This level of detail means Boycott is able to manage the punishing demands of a hectic schedule that includes work, play and motherhood. ’I’ve got to,’ she says. ‘It’s the only way to stay sane.’
Kay Boycott’s turning points
What was your biggest career break? About five years ago I randomly applied to be a board member of an NHS trust.
Working at the Hammersmith & Fulham Primary Care Trust for two-and-a-half days a month has been incredibly interesting.
It got me outside the commercial sector and was the stepping stone to this role in not-for-profit.
What advice would you give to people climbing the career ladder? You need to have a real breadth of skills, particularly in this environment. Put your hand up for opportunities even if they seem tangential to what you’re doing, because you’ll use the skills you learn later on.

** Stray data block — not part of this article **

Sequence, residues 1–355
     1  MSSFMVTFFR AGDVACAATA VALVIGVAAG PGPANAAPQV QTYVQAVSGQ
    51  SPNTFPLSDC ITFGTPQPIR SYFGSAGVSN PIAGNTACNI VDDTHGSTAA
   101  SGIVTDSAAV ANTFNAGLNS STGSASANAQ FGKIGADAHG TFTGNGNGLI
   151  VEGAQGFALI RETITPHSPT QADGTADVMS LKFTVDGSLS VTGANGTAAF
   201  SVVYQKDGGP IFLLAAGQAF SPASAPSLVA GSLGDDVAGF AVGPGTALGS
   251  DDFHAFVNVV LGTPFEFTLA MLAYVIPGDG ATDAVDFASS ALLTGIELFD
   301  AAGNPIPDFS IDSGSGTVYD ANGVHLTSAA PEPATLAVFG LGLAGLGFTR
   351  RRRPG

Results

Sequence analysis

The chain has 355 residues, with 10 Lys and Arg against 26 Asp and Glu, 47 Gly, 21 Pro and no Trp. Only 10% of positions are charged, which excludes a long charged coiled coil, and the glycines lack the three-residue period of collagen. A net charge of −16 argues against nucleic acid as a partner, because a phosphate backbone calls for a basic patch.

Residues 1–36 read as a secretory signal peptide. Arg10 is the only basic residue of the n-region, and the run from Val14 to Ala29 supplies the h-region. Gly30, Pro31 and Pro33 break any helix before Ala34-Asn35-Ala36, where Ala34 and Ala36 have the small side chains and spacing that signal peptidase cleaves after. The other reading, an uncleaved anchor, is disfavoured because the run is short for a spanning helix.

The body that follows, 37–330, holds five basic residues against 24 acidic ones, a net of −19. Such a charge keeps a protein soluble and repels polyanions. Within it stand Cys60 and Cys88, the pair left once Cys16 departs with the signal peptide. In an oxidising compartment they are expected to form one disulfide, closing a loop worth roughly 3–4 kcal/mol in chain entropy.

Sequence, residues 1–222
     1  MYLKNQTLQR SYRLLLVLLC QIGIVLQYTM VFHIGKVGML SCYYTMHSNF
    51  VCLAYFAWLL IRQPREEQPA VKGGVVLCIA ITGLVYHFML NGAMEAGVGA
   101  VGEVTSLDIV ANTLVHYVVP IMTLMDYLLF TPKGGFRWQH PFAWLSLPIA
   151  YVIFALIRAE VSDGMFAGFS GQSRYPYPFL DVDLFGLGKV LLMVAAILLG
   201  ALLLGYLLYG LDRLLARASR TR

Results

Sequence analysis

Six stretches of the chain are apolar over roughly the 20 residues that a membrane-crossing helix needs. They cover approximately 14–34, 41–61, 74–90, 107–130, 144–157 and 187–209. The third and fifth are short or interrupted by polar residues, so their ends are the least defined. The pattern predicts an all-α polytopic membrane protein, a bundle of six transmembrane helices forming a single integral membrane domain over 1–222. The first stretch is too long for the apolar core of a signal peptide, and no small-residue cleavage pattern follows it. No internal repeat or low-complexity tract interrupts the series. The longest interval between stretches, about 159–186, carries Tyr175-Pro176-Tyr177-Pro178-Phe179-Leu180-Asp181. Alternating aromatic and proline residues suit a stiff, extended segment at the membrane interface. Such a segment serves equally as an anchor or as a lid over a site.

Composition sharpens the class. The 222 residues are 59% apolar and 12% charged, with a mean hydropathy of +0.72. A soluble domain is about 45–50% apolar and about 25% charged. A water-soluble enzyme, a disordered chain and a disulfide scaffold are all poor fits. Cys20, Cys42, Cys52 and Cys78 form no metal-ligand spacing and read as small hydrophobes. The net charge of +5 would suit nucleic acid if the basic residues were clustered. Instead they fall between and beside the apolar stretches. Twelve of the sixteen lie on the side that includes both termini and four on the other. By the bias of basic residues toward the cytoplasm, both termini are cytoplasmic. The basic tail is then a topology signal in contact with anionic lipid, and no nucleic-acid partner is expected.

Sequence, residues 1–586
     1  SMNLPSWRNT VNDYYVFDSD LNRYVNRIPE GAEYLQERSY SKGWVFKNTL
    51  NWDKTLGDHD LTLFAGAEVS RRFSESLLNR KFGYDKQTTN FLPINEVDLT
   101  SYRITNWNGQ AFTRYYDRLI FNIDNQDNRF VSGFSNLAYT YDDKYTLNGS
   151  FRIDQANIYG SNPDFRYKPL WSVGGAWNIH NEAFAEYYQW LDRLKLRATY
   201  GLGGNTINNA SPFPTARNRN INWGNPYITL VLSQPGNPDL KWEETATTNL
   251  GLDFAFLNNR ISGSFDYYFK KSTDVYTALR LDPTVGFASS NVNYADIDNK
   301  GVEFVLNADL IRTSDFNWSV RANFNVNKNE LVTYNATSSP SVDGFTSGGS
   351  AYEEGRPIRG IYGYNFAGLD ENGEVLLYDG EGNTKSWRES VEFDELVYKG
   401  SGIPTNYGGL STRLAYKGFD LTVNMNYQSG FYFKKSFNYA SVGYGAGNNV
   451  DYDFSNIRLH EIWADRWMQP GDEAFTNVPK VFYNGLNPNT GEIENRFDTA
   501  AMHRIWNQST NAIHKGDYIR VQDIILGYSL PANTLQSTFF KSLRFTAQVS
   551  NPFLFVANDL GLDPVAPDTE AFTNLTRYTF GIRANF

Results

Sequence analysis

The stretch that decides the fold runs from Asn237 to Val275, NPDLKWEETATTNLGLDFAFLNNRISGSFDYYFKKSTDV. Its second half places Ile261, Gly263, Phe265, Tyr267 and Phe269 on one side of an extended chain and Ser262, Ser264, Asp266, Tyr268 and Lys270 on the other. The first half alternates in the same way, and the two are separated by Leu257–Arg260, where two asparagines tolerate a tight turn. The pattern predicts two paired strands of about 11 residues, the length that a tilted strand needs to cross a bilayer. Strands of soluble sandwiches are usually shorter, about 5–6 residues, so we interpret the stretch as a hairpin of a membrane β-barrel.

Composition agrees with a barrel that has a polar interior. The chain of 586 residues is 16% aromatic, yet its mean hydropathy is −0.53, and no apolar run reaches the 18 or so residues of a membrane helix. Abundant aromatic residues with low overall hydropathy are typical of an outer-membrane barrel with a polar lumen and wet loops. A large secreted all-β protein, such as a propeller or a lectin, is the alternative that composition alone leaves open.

Have you had a notable mentor or influence? Jill Hilliard, a colleague at Oxford Strategic Marketing. There are those who are good at managing people and those who are excellent in their day jobs. She is great at melding the two and I aspire to that.
What do you prize in recruits? An ability to get excited about new ideas but maintain a sense of practicality. Ideas on their own are not enough. You have to deliver.
2009 Director of communications, policy and campaigns, Shelter
2004 Non-executive director and chair of audit committee, Hammersmith & Fulham Primary Care Trust
1999 Director, Oxford Strategic Marketing
1994 Senior product manager, then senior business account manager, then group controller, Johnson & Johnson
1991 Assistant brand manager, then national account executive, Nestlé Rowntree